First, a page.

Researcher claims to have solved mystery behind Loch Ness Monster
INVERNESS, Scotland – A creature that has intrigued and stumped scientists for decades may not be all that it seems, according to one researcher.
The legend of the Loch Ness Monster dates back to St. Columba’s biography in 565 AD.
Since then, more than 1,000 people have claimed to have seen ‘Nessie’ in Loch Ness.
However, definitive evidence that proves the existence of the Loch Ness Monster has never been made public.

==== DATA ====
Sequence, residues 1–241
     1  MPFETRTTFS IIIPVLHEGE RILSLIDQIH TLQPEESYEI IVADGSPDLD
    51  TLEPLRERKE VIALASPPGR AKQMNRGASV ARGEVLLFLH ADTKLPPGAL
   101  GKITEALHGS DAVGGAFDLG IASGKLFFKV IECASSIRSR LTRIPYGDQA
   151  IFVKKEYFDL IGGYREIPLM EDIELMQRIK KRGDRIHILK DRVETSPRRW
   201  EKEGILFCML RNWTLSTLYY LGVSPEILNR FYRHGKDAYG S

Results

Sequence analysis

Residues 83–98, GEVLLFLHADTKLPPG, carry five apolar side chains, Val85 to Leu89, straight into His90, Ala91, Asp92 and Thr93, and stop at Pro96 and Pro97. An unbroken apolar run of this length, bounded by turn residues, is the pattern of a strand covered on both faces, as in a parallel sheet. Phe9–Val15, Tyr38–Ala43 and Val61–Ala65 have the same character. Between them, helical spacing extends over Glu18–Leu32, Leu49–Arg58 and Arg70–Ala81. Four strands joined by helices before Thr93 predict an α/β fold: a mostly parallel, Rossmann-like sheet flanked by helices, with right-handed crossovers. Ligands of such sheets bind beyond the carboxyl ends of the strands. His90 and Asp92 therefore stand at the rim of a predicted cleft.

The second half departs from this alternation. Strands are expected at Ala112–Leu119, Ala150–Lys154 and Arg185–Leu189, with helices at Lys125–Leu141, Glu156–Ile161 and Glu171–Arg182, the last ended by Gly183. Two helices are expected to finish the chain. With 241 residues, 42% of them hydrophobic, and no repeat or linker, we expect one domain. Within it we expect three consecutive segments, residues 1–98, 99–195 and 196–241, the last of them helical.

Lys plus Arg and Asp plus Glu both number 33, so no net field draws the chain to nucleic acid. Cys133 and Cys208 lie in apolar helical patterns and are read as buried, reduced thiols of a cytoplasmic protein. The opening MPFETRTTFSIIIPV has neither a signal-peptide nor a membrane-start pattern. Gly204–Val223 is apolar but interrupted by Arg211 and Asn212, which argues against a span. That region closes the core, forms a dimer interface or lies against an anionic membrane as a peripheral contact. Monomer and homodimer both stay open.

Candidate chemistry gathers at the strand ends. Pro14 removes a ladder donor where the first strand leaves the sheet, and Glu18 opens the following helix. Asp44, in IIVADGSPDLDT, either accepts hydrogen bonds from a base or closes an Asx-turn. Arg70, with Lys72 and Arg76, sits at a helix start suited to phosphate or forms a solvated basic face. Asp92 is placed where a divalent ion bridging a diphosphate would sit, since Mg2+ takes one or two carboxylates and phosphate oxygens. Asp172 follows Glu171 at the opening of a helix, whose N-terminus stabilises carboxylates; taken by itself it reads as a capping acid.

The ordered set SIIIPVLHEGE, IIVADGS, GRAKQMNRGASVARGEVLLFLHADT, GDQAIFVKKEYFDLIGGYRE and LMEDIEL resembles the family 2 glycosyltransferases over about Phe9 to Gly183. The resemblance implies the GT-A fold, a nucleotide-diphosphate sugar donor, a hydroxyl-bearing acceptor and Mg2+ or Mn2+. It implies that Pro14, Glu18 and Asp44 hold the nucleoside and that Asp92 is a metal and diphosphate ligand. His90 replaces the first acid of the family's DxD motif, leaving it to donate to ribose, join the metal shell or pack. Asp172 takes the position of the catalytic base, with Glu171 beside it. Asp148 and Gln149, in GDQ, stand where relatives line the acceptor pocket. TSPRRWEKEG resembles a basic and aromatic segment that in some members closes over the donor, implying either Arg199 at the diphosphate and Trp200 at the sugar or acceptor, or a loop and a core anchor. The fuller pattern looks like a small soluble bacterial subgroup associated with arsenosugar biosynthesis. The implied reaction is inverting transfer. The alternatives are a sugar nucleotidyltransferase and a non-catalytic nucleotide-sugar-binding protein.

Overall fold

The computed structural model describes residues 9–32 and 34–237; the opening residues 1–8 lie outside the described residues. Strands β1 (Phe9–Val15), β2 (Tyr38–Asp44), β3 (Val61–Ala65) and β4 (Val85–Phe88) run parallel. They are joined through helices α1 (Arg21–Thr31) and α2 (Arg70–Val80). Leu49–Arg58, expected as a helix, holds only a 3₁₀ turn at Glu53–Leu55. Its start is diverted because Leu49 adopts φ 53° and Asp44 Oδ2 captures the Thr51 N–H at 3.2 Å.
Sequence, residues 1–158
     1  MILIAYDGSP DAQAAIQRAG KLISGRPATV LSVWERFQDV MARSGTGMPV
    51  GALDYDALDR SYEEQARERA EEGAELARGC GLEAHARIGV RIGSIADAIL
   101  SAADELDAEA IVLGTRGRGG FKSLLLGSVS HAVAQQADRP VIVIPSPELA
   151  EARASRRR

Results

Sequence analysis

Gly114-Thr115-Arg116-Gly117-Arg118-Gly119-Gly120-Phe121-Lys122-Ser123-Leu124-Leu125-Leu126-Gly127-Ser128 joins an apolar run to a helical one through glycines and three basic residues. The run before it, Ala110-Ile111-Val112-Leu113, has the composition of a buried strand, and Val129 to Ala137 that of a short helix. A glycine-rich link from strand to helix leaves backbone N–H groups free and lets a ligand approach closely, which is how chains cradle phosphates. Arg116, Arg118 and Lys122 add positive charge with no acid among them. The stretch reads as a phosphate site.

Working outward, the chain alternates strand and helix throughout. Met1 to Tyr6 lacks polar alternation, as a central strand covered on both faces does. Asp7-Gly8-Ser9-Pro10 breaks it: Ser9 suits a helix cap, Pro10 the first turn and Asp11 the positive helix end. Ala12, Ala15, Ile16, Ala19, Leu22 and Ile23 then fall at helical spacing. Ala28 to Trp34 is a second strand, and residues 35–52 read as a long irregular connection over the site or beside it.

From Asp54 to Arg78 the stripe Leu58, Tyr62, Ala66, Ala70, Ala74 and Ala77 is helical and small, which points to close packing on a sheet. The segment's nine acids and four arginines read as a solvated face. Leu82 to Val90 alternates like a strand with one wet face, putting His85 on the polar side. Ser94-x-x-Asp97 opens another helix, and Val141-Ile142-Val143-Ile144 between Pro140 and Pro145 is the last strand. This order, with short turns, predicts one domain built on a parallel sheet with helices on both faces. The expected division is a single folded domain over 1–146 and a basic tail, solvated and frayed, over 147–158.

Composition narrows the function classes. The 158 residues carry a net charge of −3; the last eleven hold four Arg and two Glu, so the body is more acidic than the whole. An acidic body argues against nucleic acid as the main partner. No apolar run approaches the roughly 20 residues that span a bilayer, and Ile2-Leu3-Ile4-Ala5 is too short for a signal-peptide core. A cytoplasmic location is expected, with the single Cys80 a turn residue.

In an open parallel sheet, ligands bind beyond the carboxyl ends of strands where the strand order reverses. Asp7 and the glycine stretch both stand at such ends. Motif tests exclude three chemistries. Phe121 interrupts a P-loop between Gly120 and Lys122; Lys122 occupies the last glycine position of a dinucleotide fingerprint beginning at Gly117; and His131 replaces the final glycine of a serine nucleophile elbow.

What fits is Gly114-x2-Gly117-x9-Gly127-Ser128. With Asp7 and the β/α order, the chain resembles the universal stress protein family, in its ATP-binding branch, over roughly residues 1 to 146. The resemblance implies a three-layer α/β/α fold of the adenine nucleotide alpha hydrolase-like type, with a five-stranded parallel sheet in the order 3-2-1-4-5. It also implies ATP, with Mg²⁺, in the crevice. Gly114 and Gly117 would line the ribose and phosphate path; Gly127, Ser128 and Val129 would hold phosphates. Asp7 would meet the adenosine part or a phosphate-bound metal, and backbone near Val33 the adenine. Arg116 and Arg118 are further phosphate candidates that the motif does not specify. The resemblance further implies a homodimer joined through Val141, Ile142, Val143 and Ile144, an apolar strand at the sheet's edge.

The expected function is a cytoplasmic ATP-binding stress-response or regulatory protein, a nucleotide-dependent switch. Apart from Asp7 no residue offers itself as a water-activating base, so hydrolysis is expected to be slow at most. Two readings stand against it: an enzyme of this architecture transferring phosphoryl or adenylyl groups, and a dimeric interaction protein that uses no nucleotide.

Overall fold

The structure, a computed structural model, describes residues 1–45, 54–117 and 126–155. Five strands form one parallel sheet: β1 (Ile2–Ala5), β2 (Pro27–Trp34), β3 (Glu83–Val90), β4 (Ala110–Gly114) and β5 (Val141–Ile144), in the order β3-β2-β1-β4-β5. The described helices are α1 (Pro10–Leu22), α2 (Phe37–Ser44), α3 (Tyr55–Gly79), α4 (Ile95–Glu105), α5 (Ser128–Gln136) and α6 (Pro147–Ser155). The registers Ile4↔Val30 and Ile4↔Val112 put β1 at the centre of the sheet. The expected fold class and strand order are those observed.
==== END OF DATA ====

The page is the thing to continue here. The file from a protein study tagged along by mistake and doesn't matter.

Now, a man who has spent the last 24 years searching for ‘Nessie’ says the monster may not be the monster everyone believes her to be.
Steve Feltham says he believes the Loch Ness Monster is actually a Wels catfish, which can grow up to 13 feet long.
“I have to be honest. I just don’t think that Nessie is a prehistoric monster,” Feltham told the Times of London. “What a lot of people have reported seeing would fit in the description of the catfish with its long, curved back.”